KRVS

Andrew Flanagan

Today, what would have been his 60th birthday, the people in charge of Prince's storied vault of unreleased recordings have announced a forthcoming album taken from a cassette he recorded at his home studio (Paisley Park did not yet exist), simply titled Piano & A Microphone 1983. The record includes a cover of Joni Mitchell's "A Case of You" and prototype sessions of "Purple Rain" and "Strange Relationship."

What do you go to Facebook for? Given how many of us use it — 68 percent of Americans, according to the Pew Research Center, with 74 percent of them visiting the site at least once a day — it's striking that, anecdotally at least, using the site evokes a sort of dissociative muscle memory, the ritual of dutifully giving posts from family and close-enough friends a thumbs-up.

The New Age composer, rock music producer, entrepreneur and filmmaker Paul Gilman, who produced a film about using music to communicate with ocean mammals, is being sued by the Securities and Exchange Commission for allegedly defrauding 40 investors of $3.3 million over the course of three years.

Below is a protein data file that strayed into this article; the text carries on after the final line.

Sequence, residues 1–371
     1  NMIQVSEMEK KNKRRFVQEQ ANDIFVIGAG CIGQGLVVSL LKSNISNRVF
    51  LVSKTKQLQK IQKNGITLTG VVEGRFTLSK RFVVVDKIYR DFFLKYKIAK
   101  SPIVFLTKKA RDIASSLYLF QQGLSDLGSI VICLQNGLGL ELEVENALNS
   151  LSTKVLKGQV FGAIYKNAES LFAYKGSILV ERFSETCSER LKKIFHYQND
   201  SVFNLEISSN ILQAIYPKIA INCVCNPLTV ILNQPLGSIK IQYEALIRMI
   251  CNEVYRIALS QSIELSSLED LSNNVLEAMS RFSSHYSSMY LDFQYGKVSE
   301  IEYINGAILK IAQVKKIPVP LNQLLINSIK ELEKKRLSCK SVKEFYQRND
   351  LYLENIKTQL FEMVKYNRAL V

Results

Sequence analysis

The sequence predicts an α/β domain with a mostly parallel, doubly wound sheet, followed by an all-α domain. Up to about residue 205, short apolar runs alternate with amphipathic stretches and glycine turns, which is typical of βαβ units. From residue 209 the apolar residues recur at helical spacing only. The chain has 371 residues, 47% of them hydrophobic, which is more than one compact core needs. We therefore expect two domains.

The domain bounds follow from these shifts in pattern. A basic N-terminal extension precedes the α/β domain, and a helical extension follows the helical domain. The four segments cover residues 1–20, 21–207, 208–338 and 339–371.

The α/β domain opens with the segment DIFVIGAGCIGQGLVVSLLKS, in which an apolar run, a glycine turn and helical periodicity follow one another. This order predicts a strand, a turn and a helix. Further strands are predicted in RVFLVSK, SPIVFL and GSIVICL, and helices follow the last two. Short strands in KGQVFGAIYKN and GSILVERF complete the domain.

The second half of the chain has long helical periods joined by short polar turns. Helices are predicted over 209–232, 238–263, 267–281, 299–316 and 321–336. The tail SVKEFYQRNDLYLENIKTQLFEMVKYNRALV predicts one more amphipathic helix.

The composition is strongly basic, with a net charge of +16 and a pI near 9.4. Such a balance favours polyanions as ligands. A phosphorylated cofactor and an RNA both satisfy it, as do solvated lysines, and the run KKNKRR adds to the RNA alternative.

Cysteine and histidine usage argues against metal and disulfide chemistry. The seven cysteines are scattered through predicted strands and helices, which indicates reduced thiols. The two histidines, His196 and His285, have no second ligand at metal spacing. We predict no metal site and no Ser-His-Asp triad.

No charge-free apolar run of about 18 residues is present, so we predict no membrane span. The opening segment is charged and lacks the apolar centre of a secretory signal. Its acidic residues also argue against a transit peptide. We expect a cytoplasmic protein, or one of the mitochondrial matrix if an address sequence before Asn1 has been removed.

Clarence Fountain, a foundational American gospel singer and the last remaining co-founder of Blind Boys of Alabama, died June 3 in Baton Rouge, La. at the age of 88, his manager Charles Driebe confirmed to NPR. No cause was given.

It's easy to imagine the rollout of Spotify's "hateful conduct" policy being studied by future students of business as an example of what not to do. On May 16, the leading music streaming service made the bold announcement that it would no longer help raise the profiles of artists whose conduct it deemed particularly egregious, doing so by editing them out of its human-curated playlists and excluding them from its powerful algorithm's suggestions. At the time, Spotify pointed to R. Kelly specifically as the first example of an artist affected by the policy.

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